When the client receives this data sequence, it removes it from the received data and continues processing.
    A terminating data sequence could be anything you like (but it should be unique enough so that it isn't be contained in the data transferred)

    Alternatively you could send the final data size in the very first 2-4 bytes for example. So the client knows how much data is left / when all the data was received.
    I am not talking about the image byte size here, but rather the byte size of the data the QDataStream produced in the end.



  • @raven-worx
    Following your suggestion, now I can send/receive a QImage over TCP.
    Here's my code.

    /*
     * SERVER WRITE
     */
    void VCameraServer::sendTcpData(/*const QImage &frame*/)
    {
        if (mTcpClient->state() == QTcpSocket::ConnectedState) {
    
            // initialize stream
            QByteArray block;
            QDataStream out(&block, QIODevice::WriteOnly);
            out.setVersion(QDataStream::Qt_5_11);
    
            // initialize data
            QImage image(filePath);
    
            // serialize
            out << qint64(0) << image;
            out.device()->seek(0);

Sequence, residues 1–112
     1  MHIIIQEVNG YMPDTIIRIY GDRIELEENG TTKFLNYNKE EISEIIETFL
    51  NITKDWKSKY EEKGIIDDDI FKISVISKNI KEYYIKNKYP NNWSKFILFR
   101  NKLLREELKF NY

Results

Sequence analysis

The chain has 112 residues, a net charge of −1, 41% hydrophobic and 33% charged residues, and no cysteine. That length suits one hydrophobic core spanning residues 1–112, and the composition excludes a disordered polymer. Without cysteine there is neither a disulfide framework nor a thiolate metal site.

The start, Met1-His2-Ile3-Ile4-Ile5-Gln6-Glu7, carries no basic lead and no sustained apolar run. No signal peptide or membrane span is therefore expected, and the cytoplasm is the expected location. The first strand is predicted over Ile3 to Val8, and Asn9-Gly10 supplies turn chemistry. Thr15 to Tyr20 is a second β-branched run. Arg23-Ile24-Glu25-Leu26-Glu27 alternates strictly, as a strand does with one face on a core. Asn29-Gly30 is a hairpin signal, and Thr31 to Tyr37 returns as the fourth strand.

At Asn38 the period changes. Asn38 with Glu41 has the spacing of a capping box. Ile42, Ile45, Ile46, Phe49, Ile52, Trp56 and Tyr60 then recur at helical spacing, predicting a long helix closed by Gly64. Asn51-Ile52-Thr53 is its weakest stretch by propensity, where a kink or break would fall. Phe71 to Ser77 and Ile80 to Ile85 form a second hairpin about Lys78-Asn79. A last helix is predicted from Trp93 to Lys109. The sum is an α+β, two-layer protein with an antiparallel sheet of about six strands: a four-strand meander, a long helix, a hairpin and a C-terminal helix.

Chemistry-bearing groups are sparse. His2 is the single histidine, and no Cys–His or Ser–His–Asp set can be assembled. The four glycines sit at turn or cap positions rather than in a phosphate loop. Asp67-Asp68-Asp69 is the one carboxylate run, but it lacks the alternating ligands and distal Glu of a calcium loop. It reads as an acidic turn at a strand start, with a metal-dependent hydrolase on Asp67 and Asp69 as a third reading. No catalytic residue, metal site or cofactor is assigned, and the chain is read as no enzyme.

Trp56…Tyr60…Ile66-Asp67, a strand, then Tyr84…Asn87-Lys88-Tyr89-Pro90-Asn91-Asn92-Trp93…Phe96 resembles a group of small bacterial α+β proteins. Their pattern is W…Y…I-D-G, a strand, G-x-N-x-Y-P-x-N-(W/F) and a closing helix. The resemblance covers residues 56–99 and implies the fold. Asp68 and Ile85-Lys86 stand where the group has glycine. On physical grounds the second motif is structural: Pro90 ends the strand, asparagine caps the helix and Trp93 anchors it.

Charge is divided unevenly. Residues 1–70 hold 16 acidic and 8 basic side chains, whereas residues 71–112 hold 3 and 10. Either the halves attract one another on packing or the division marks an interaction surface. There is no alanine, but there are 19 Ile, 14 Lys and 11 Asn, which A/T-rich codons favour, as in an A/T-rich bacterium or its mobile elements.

out << (qint64)(block.size() - sizeof(qint64));  // the size of the block to be sent
    
            // send over TCP
            qint64 written = mTcpClient->write(block);
            mTcpClient->waitForBytesWritten(-1);
            qDebug() << "written" << written << "of" << block.size();
        }
    }
    
    /*
     * CLIENT READ
     */
    void VCameraClient::newTcpDataRead()
    {       
        QDataStream in(mTcpSocket);
        in.setVersion(QDataStream::Qt_5_11);
    
        // initialize data
        QImage image;
        static qint64 imageSize = 0;
    
        if ( 0 == imageSize ) {
            if ( mTcpSocket->bytesAvailable() < (int)sizeof(qint64) ) return;
            in >> imageSize;
            qDebug() << imageSize;
        }
    
        if ( mTcpSocket->bytesAvailable() < imageSize ) return;
        in >> image;
    
        // data is complete, do something with it
        imageSize = 0;
        if (image.isNull()) qDebug() << "QImage is null!";
        else {
            mTcpFrame = image;
            update();
        }
    }
    

    Now one more question: is this code correct? Is there a way to speed up sending/receiving data?
    As I said on the first post, I need these frames to rebuild a video-streaming. Tnx in advance.


  • Moderators

    @robcont_ said in QImage streaming over TCP:

    As I said on the first post, I need these frames to rebuild a video-streaming. Tnx in advance.

    the QImage serialized over QDataStream is done by converting the image to a PNG data.
    Of course this approach isn't very well suited for streaming "video".

    It depends what your goals are . Is it ok to receive a "stuttering" video (due to your approach by transferring each frame)?
    It may be ok for a small resolution though.

    Normally classic video streams are optimized for their purpose of course.
    Like proper compression, drops of frames which are too far in the past to display, etc.

    But also this involves more research on this topic (video streaming).



  • @raven-worx I have also same problem. i'm ok with small resolution. can you please provide some sample code?